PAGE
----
In my work with stress coaching clients, I find that doubts, fears, worries and anxiety often begin with a trigger thought that begins with the words, “What if”?
What if I fail?
What if people don’t like my idea?
What if I’m not good enough?
What if….. What if….. What if….!
It can put your mind into a tumble dryer of persistent worrying. Research shows that just three minutes of this type of thinking creates a stress response in our bodies – and why wouldn’t it? Our bodies assume there is a looming threat and that we are soon going to need to fight or flee. This stress response isn’t “bad” or “dangerous”, it is there to help us respond better. Our job is to take action quickly so that the stress response can do its job and not sit in us for hours a day – not so healthy 🙂
So how do we turn worry into confidence?
Firstly ask yourself what you are getting out of worrying. Dig deep here. If you look at it there will probably be some belief driving your worry such as:
“I need to worry so I’ll be prepared”
(Does it actually prepare you? Could you find a more healthy way to be prepared?)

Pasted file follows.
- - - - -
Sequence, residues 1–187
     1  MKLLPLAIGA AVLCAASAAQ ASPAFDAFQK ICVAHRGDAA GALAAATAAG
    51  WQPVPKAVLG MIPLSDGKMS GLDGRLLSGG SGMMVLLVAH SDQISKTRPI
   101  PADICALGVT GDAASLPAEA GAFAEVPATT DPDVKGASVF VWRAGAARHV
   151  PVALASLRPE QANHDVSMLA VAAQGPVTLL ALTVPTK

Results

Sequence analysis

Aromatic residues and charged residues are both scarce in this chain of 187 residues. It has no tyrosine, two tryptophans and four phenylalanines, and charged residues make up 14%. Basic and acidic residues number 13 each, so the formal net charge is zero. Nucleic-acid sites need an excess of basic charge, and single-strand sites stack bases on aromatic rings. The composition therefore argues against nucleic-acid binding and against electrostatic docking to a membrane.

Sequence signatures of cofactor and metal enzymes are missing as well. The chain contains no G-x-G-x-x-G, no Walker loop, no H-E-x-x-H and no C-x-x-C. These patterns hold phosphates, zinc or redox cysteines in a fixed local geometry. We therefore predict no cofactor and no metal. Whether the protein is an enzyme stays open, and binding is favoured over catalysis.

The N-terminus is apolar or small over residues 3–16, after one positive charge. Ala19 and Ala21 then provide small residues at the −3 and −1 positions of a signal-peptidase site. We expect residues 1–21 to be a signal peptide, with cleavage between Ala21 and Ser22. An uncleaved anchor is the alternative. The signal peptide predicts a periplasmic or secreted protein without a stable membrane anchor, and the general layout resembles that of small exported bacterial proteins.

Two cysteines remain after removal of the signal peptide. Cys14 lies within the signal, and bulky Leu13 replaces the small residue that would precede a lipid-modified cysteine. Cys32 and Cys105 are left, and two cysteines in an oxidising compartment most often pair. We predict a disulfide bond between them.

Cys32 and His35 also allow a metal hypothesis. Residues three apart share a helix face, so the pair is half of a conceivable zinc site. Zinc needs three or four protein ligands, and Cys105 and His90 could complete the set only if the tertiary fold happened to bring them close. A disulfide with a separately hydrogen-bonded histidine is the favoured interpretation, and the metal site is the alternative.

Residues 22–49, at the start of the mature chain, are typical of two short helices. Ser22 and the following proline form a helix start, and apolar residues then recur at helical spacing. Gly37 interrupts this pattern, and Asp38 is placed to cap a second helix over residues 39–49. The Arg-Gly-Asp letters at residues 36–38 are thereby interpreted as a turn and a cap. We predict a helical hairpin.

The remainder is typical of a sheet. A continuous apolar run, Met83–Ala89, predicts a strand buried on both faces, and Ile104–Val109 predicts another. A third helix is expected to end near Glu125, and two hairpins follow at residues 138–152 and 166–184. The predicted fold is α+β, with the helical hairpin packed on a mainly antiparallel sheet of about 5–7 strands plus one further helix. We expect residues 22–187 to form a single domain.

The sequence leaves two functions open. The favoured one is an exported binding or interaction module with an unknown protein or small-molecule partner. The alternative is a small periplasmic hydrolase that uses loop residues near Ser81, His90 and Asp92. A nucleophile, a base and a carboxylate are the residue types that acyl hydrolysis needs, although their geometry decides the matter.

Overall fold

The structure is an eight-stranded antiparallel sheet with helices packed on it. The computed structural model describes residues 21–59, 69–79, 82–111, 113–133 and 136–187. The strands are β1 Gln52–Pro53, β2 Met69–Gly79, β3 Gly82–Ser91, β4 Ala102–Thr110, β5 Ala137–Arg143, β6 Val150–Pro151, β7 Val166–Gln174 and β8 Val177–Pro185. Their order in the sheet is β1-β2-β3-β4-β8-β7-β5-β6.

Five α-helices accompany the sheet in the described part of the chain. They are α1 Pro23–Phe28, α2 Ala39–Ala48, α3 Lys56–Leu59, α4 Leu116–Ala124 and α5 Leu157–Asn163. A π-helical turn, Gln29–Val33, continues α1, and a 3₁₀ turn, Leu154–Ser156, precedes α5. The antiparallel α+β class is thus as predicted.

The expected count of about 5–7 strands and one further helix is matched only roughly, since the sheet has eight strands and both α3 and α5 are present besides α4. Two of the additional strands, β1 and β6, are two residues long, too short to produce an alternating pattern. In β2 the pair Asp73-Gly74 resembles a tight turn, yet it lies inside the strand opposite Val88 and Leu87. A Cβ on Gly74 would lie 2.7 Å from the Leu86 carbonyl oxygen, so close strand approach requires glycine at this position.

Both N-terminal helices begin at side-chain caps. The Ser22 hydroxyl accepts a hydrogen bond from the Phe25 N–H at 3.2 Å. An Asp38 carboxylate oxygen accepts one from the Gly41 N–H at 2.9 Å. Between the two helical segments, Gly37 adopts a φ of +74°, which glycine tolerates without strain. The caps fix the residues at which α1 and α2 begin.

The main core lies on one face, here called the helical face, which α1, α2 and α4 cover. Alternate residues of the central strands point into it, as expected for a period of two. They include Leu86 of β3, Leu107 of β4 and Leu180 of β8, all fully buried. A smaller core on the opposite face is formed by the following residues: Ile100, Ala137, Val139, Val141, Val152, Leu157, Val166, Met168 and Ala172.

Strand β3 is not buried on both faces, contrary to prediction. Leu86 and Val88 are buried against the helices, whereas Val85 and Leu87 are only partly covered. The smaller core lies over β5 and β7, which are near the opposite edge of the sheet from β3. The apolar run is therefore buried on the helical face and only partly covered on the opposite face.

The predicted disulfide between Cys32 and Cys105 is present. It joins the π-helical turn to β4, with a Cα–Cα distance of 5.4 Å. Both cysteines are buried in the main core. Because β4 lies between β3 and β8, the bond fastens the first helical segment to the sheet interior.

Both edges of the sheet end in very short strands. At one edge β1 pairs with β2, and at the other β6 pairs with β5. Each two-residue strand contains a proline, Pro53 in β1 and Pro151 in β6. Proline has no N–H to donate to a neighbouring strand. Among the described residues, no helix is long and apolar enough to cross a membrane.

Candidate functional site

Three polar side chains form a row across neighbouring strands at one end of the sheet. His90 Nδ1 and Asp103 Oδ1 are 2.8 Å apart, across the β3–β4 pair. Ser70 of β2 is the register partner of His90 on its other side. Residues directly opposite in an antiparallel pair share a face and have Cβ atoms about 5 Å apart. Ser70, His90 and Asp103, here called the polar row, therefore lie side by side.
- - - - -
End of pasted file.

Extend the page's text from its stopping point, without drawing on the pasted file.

“I feel more in control somehow if I worry”
(Can you actually control the outcome by worrying or are you potentially making the outcome worse for yourself by doing so?)
“If I just worry about it long enough, I’ll find a solution”
(Worries do not contain solutions. Asking yourself “What is my situation?” and “What are my options”? is the way out of worry).
Whatever “reason” you have for worrying, know this – worrying gets you nowhere.
So once you realise that, you just have to stop. Easy, right?
Well, here’s where people run into trouble. They have another belief that “I can’t stop worrying”. Luckily that isn’t true either, and my job is to show them that they can.
Low self trust and anxiety is often felt because of the stories that you tell yourself, the memories that you focus on to prove your insecurities right. Next time you find yourself upset about something, take a step back and you may find that it is an insecurity driving it all, an insecurity looking for validation, looking to project itself onto the current situation.
Learning to recognise this sabotaging mind chatter and changing the wording to build confidence begins by recognising the language you are using with yourself, catching it out and then consciously choosing to reframe it. Consciously re-writing the fears into positive statements can drive a new sense of motivation and determination that allows for happiness and success.
The mind learns and rewires through repetition so keep at it!
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